Performance

Data throughput, robustness over unreliable networks, and minimal impact on processing and networking resources all factor into performance—and newer communication models and protocols meet these demanding requirements.

A prime example is the open-source protocol message queuing telemetry transport (MQTT), developed as a lightweight method of transporting industrial data over tenuous networks. MQTT is often combined with a specification called Sparkplug to establish the messaging format. Together, MQTT and Sparkplug provide a publish-subscribe model, which offers superior communications performance as compared to a request-response architecture. Data is transmitted on change only, and only subscribers receive data (Figure 2).

Figure 2, MQTT Diagram. The request-response architecture shown in the diagram on the left requires many direct links and produces high network traffic volumes. In contrast, MQTT/Sparkplug (on the right) is optimized for lightweight, high-performance, secure communication of industrial automation data among edge devices and other locations.(Courtesy of Opto 22)Figure 2, MQTT Diagram. The request-response architecture shown in the diagram on the left requires many direct links and produces high network traffic volumes. In contrast, MQTT/Sparkplug (on the right) is optimized for lightweight, high-performance, secure communication of industrial automation data among edge devices and other locations.(Courtesy of Opto 22)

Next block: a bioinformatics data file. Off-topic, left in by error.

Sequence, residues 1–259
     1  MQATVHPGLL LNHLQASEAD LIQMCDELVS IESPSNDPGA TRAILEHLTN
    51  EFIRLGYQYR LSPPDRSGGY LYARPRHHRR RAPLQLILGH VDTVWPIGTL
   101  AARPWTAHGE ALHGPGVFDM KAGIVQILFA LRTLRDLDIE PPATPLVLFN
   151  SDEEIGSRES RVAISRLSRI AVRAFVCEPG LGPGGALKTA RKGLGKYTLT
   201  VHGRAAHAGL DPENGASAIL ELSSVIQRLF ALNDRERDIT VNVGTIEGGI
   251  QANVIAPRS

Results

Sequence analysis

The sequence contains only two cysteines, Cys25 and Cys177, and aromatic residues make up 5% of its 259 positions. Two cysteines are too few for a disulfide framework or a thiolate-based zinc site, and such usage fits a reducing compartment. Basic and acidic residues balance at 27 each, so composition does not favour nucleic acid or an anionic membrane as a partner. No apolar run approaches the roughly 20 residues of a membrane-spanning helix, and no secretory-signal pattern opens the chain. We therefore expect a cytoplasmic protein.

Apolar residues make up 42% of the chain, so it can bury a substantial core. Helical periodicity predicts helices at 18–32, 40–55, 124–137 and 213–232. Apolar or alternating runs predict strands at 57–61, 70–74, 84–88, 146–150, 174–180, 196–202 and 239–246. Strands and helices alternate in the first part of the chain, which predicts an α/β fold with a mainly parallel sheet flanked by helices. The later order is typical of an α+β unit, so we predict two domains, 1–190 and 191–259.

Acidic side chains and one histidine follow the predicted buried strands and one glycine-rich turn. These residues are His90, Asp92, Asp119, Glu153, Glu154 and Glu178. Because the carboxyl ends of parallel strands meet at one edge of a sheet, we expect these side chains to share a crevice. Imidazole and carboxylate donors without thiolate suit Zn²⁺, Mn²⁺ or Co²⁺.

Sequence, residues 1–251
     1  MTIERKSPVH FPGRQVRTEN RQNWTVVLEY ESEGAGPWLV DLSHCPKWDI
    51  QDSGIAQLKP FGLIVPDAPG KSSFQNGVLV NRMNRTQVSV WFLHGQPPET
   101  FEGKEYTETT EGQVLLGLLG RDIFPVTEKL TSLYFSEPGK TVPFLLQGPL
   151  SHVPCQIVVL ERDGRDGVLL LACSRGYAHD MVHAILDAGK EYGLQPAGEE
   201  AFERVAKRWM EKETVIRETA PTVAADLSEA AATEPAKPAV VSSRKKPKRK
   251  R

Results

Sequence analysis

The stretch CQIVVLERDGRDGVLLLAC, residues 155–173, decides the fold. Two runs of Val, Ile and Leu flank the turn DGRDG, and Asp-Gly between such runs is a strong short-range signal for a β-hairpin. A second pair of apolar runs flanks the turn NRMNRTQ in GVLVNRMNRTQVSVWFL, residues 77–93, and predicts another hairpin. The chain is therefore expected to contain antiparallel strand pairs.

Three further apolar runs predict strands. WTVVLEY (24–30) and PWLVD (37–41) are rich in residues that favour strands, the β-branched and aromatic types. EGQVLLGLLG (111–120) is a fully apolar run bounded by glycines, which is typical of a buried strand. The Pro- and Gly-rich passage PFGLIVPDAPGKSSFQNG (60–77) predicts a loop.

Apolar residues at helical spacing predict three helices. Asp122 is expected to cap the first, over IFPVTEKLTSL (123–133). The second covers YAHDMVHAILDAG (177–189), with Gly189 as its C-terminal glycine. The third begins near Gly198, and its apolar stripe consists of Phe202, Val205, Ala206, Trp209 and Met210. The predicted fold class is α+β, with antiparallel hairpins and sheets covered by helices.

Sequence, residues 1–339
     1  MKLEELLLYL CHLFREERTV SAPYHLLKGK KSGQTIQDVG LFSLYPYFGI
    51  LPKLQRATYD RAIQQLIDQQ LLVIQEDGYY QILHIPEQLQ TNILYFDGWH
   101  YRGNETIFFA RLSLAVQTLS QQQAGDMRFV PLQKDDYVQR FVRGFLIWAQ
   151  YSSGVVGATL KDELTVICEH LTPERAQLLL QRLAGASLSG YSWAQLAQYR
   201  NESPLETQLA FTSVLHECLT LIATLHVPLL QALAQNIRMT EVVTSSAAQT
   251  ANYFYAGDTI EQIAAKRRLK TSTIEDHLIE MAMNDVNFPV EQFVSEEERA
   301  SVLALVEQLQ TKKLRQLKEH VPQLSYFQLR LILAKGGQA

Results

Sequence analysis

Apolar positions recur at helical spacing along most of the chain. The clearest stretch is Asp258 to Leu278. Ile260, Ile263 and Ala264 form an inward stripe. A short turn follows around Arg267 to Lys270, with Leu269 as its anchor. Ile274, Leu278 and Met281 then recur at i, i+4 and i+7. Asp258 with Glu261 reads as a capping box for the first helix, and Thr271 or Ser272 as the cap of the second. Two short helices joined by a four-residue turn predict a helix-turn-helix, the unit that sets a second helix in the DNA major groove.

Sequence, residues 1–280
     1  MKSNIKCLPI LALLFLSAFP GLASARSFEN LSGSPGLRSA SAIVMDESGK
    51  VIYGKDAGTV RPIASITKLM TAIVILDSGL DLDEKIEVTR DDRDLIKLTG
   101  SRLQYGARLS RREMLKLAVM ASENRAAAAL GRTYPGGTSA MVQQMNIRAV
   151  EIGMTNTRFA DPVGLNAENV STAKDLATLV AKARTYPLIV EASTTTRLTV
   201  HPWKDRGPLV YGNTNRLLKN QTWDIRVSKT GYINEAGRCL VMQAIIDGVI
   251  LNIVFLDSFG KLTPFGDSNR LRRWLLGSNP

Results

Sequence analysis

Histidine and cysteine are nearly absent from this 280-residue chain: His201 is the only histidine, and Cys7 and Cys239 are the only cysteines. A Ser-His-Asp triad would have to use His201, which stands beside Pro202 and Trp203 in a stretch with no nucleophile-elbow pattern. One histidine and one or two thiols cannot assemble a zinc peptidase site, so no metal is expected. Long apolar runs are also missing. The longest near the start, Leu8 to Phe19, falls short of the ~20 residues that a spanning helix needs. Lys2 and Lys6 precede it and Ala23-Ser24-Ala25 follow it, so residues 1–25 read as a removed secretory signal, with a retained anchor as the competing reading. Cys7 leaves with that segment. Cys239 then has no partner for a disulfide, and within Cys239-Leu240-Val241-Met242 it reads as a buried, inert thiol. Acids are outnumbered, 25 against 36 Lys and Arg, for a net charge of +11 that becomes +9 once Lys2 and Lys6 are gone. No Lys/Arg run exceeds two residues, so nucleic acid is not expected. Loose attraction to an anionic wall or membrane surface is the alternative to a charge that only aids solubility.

Networking within a facility is generally considered easier than attempting connections over the internet, but publish-subscribe models also provide advantages in this type of environment.

For internet connections, IT-intensive options such as virtual private networks (VPNs) are often used. But a better option may be to take advantage of MQTT’s ability to reliably establish outgoing remote connections over the internet. Because all data communications are outgoing, complicated and risky steps like opening firewall ports and accepting inbound traffic are not required.

Security

Simplicity and security are often at odds with each other. If an automation networking solution makes it simple to transmit data, then applying any level of security typically complicates the process. Furthermore, transmitting data to the cloud via the internet seems to invite attackers.

With MQTT/Sparkplug, however, effective security requires fewer steps. First is encryption, crucial for ensuring no third parties can read or alter the data. The connection from the client device to the MQTT broker (or server) should always use the internet cryptographic protocol Transport Layer Security TLS, is standard with MQTT.

Next is authentication and authorization. Authentication through username/password methods or API keys should always be used to create a connection to the MQTT message broker. In addition, authorization through access control list functionality provided in the MQTT broker defines who (or what role) can access specific data, and what operations they can perform (read only or read/write). Together, these ensure that only proper clients are able to see and use data.

Conclusion

Automation network designers can simultaneously achieve the goals of simplicity, performance and security by combining EPIC hardware devices out at the edge with open-source software and protocols. This type of solution is easier, faster and better than traditional alternatives—and lends itself to expanded implementations.

Benson Hougland is Vice President of Marketing and Product Strategy at Opto 22.